As heartening as it was to see India wrap up a commanding innings victory well inside four days, I must say I was extremely disappointed by Australia’s meek surrender in the second Test.
Having been involved in several battles with the Australians over the years, I can state emphatically that their cricket has always been characterised by a fighting spirit that makes them dangerous opponents. To therefore see an Australian team roll over in the manner in which they did in the second innings came as a surprise to me.
India got just about everything right, apart from the toss, while the spin of the coin was the only thing that went in Australia’s favour. Of course, they didn’t help their cause any by making some strange decisions.
I can’t understand the logic behind leaving out Nathan Lyon, their primary spinner for the last two years. He has shouldered the responsibility of holding one end up manfully in Australian conditions and providing vital breakthroughs on pitches that haven’t had much in them.
Lyon would have relished bowling on a regular basis in India, on pitches that would have helped him.
The Australian top order need to mix caution with aggression. They need to study the conditions and bounce of the wicket and adjust their shot selection accordingly.
As if that wasn’t bad enough, Australia’s best batsman continued to bat lower than where he should. It’s not being wise after the event; even before the start of the Test, I had suggested that Australia would be better off with the captain batting at 4.
Why you would continue to want to come in under such pressure, especially when the top four hasn’t shown too much nous against the turning ball, is baffling. Clarke has since said that he will move up in the next two games, but it seems too late in the day.
Coming to India, I was particularly delighted at the victory having been fashioned by the youngsters. Several of them are in the very early stages of their careers. To not just be a part of an Indian win, but to have played a key role in it, will do wonders for their confidence.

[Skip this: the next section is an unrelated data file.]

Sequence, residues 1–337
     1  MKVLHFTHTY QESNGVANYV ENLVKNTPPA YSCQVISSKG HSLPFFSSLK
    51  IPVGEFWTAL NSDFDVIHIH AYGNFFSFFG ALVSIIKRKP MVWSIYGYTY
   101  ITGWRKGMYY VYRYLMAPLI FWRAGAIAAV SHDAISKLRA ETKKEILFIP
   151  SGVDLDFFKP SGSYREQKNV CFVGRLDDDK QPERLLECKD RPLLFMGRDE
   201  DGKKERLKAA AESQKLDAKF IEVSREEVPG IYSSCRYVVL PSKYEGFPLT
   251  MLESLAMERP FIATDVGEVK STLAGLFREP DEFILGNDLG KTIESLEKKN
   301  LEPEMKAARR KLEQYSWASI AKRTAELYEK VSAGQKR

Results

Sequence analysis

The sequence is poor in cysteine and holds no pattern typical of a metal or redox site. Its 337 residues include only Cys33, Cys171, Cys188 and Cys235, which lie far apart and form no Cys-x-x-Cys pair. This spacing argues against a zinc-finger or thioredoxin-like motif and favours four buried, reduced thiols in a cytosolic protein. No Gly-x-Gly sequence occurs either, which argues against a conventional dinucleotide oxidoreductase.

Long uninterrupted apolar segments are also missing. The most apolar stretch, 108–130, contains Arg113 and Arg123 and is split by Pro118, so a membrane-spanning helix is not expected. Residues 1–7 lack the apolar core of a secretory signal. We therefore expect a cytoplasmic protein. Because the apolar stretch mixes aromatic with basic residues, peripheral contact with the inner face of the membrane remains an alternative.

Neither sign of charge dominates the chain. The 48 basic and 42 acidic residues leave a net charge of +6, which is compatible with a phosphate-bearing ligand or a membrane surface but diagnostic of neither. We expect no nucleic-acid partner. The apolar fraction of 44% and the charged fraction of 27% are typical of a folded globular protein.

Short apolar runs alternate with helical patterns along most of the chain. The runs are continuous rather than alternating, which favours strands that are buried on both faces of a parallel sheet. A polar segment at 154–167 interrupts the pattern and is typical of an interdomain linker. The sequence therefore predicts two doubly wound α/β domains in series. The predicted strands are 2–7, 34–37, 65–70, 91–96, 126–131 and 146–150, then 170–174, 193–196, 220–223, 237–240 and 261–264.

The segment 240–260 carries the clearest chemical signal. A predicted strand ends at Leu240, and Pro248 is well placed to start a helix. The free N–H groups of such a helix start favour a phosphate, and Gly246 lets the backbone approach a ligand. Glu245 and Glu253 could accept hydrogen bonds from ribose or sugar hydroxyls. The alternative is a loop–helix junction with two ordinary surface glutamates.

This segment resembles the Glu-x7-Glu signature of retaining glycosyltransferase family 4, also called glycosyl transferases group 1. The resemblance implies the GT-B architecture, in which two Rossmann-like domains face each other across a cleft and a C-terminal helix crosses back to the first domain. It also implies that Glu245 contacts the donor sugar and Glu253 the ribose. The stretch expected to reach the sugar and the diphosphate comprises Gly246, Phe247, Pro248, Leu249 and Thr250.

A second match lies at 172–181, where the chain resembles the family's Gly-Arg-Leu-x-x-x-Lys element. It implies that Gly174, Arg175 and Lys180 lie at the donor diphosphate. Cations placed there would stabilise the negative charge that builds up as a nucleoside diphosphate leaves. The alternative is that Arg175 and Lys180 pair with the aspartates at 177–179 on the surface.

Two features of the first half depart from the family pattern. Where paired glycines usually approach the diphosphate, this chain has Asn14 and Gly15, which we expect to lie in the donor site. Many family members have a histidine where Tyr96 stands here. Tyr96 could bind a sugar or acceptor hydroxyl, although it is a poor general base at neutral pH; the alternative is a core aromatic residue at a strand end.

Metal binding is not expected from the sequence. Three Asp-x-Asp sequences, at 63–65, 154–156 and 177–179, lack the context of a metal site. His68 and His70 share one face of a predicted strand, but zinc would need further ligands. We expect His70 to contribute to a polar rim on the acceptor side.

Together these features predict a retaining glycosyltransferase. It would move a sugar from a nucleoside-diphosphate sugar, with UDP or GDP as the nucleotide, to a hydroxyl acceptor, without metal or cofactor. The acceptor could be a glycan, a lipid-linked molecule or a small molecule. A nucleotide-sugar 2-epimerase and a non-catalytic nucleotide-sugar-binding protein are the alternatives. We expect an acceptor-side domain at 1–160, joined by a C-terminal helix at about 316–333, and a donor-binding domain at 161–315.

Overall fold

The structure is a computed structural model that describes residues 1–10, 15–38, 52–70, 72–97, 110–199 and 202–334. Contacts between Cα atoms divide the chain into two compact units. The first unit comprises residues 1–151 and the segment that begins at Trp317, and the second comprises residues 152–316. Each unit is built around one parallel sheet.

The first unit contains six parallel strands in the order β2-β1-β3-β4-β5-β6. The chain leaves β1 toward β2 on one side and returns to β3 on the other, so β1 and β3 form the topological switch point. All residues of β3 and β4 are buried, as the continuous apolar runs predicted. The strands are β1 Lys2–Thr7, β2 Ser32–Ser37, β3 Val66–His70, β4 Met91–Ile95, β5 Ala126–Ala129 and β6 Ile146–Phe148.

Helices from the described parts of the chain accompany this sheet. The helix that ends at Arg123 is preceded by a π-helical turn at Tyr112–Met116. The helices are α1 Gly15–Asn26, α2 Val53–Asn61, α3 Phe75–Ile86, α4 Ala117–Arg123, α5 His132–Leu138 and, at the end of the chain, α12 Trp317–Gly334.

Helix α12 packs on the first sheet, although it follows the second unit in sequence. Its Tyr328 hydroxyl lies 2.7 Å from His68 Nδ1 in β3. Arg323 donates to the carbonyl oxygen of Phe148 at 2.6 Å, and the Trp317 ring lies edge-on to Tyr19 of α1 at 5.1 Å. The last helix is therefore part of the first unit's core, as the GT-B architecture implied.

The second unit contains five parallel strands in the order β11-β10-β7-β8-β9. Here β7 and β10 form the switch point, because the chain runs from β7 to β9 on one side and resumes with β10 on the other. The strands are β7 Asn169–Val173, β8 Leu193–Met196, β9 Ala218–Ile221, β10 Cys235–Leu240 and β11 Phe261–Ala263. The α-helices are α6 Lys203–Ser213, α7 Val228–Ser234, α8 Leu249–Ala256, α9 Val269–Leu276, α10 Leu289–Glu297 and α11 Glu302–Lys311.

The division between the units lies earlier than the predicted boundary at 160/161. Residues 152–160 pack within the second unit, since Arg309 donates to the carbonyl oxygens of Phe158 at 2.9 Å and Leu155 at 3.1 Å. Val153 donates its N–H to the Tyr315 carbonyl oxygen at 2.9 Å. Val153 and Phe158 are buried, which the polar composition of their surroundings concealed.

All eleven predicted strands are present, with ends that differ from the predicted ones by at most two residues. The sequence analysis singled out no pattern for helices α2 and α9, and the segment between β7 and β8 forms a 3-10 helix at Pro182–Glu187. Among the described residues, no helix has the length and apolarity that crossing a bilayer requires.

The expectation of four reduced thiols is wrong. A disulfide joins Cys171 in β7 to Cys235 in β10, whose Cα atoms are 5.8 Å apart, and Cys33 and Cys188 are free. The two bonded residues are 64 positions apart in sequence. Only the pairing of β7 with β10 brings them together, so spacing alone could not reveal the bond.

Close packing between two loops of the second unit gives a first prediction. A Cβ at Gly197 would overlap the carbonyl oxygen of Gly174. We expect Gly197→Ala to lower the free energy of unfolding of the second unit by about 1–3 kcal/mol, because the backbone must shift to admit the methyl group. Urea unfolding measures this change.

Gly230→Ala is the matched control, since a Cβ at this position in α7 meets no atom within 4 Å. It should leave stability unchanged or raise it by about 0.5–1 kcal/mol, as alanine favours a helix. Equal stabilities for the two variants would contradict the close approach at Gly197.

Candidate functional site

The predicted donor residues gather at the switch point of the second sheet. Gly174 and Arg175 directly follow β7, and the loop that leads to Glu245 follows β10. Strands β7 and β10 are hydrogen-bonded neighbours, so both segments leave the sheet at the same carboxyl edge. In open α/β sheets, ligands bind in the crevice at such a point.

The future holds promise, especially if Bhuvneshwar Kumar, Virat Kohli, Cheteshwar Pujara, R Ashwin and Ravindra Jadeja continue to build on the wonderful starts to their Test career. I would have been even happier if Ojha was part of these two great victories.
He is the best left arm spinner we have and along with Ashwin played a key role in the earlier Test series. We must find a way to make our best spinners find a place in the XI.
Bhuvneshwar impressed me with his ability to bowl long spells. On the opening day, there was a little bit of help and he stuck to his task manfully in extreme heat, bowling nine overs and picking up three wickets.
It was nice to see an Indian medium-pacer stick to his strengths and reap the rewards on an Indian pitch. He will be even more of a threat when India travel overseas, where he will get greater encouragement in terms of swing and bounce.
No praise can be too high for the manner in which Pujara and Murali Vijay batted. There was a plan, purpose and maturity in the way they went about their job.
The first session on day two was crucial, and they played it out with patience, scoring only 49 runs. The reward for hard work came later on, and both were good enough to cash in. Pujara has made it a habit to bat long and score big.
Two double hundreds in just 11 Tests reflects his hunger and appetite for big scores. Long may those traits continue.
This was a big innings for Vijay in many ways. He had played loosely in Chennai in both innings and must have felt some pressure, but the way in which he curbed his natural attacking instincts and batted keeping the team’s requirements in mind was commendable.
Pujara and Vijay tilted the match decisively India’s way with their 370-run partnership, the fourth highest in Indian Test history. I am glad some of the records of the past are being obliterated because that’s the best sign that a team is moving forward.
Once India had such a massive lead, the outcome was a bit of a formality though the rapidity with which Australia capitulated must have taken even MS and his boys by surprise.
Statistically speaking, MS’ 22nd win as Test captain took him past Sourav as India’s most successful skipper. Congratulations, MS and the team! Celebrate the success, but come back fresh and focused for Mohali. After all, the series is still not over yet.
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